The course ensures a full coverage of the two sections at GCSE level:
Section 1 – Computer Systems: Computer Architecture, networks and components, network protocols, system software, and the ethical and legal impacts of digital technology.
Section 2 – Computational thinking: Algorithms, programming robust and efficient programs in integrated development environments and boolean logic.
The exams will measure how students have achieved the following assessment objectives and are weighted equally at 50% of the final grade.
- J277/01: Computer Systems (50%)
This component will assess :
- 1.1 Systems Architecture
- 1.2 Memory and Storage
- 1.3 Computer Networks, Connections and Protocols
- 1.4 Network Security
- 1.5 Systems Software
- 1.6 Ethical, Legal, Cultural and Environmental Impacts of Digital Technology
- J277/01: Computational Thinking, Algorithms and Programming (50%)
This component will assess :
- 2.1 Algorithms
- 2.2 Programming Fundamentals
- 2.3 Producing Robust Programs
- 2.4 Boolean Logic
- 2.5 Programming Languages and Integrated Development Environments
SMSC in Computer Science
We will also have a strong link to career paths that qualifications in Computing can offer. Each unit has a careers mascot giving an insight into the key skills needed for a career in their given field. Our teaching staff have a wide range of programming skills that can be adapted to students’ career aspirations.
Some of these career links include:
- Software Developer
- IT Administrator
- IT Engineer
- Games Developer
- Digital Law Solicitor
Useful website links
- w3schools– https://www.w3schools.com/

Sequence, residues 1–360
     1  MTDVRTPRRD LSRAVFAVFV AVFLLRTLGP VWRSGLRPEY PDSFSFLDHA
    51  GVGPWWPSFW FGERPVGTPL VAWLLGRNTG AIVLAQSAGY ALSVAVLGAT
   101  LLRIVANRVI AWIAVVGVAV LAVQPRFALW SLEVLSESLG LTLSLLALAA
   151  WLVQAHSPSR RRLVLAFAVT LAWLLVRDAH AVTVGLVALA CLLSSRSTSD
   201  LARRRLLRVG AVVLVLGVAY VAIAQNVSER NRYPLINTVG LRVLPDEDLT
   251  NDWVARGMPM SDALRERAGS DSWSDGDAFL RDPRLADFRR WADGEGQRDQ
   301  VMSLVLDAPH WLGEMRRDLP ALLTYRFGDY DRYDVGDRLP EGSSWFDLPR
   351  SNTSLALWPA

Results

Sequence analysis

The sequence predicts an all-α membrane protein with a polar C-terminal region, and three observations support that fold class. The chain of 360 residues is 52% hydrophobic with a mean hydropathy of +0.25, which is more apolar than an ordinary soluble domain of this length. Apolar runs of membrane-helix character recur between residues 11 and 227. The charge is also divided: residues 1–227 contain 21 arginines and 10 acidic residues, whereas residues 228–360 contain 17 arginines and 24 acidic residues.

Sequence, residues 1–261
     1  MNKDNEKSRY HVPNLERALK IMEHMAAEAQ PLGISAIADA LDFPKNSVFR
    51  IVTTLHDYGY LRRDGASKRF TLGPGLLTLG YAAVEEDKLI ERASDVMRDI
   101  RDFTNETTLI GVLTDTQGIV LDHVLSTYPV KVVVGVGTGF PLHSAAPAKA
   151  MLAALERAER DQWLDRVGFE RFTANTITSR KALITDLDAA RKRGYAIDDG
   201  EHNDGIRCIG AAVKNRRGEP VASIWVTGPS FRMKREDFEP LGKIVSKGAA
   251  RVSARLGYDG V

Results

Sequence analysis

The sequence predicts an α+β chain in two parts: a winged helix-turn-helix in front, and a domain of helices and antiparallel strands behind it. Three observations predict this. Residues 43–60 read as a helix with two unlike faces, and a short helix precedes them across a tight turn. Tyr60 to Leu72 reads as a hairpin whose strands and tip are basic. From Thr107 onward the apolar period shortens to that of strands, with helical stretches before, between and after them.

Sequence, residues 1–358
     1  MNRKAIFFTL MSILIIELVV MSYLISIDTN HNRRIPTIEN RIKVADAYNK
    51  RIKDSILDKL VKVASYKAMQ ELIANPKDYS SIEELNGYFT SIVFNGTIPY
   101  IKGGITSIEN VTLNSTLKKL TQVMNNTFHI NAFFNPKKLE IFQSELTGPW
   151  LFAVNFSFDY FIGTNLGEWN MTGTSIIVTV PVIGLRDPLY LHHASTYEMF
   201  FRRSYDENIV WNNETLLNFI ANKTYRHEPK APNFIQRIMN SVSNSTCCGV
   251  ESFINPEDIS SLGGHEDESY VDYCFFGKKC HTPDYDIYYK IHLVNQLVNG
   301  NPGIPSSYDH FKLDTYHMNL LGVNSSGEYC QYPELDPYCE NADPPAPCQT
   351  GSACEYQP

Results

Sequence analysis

- Code Academy– https://www.codecademy.com/catalog
- TeachICT– https://www.pearsonactivelearn.com/
- Code Avengers – https://www.codeavengers.com/
- YouTube (vloggers/tech-projects/online tutorials)
- Netflix (students can search for critically acclaimed technological documentaries to further their extended subject knowledge)
- KhanAcademy – https://www.khanacademy.org/
- Spotify (Listen to podcasts that discuss ethical effects and technological breakthroughs regarding Computer Science)
- BBC Bitesize – https://www.bbc.co.uk/bitesize
Useful Mobile Apps
- SoloLearn: Learn to Code
- Programming Hub: Learn to code
- Mimo: Learn/Coding/Programing
What’s on the bookshelf?
We recommend picking up Once Upon an Algorithm by Martin Erwig! Erwig illustrates a series of concepts in computing with examples from daily life and familiar stories. Hansel and Gretel, for example, execute an algorithm to get home from the forest. The movie Groundhog Day illustrates the problem of unsolvability; Sherlock Holmes manipulates data structures when solving a crime; the magic in Harry Potter’s world is understood through types and abstraction; and Indiana Jones demonstrates the complexity of searching. Along the way, Erwig also discusses representations and different ways to organize data; “intractable” problems; language, syntax, and ambiguity; control structures, loops, and the halting problem; different forms of recursion; and rules for finding errors in algorithms.This engaging book explains computation accessibly and shows its relevance to daily life.